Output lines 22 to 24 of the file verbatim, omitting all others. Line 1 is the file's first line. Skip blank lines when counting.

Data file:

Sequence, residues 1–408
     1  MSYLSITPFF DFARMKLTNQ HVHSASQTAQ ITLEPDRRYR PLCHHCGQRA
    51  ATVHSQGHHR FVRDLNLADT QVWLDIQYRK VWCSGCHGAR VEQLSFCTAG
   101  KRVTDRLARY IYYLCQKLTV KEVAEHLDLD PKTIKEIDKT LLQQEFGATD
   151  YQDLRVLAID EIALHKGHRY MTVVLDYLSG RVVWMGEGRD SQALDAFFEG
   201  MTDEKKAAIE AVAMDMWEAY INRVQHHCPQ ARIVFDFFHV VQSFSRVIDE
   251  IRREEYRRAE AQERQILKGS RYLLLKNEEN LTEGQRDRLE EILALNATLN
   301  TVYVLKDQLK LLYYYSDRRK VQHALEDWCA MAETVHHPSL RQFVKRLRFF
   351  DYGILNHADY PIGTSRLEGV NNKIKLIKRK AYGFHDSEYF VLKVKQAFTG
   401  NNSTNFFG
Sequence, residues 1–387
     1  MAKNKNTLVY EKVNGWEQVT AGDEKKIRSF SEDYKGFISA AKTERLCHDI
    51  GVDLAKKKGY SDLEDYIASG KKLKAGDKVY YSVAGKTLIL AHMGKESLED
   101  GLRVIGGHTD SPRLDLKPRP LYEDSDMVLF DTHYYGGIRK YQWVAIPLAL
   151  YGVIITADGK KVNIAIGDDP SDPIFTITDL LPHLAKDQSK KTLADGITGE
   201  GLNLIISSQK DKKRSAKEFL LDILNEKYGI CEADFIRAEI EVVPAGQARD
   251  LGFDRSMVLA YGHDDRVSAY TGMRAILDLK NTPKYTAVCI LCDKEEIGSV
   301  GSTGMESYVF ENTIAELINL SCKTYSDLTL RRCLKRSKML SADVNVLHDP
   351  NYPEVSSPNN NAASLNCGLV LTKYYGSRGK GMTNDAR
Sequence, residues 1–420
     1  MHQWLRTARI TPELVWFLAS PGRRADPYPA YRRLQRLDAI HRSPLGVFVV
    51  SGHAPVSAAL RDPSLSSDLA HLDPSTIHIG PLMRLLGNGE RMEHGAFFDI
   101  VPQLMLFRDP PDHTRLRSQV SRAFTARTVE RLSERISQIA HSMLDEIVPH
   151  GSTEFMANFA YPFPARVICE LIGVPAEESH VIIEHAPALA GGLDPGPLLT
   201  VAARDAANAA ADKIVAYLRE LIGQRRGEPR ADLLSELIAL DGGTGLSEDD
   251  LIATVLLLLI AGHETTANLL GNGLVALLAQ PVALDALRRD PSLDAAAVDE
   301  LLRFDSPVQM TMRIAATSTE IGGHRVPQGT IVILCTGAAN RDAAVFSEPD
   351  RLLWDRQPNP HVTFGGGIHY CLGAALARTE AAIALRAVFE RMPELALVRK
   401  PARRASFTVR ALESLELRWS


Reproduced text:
    51  SGHAPVSAAL RDPSLSSDLA HLDPSTIHIG PLMRLLGNGE RMEHGAFFDI
   101  VPQLMLFRDP PDHTRLRSQV SRAFTARTVE RLSERISQIA HSMLDEIVPH
   151  GSTEFMANFA YPFPARVICE LIGVPAEESH VIIEHAPALA GGLDPGPLLT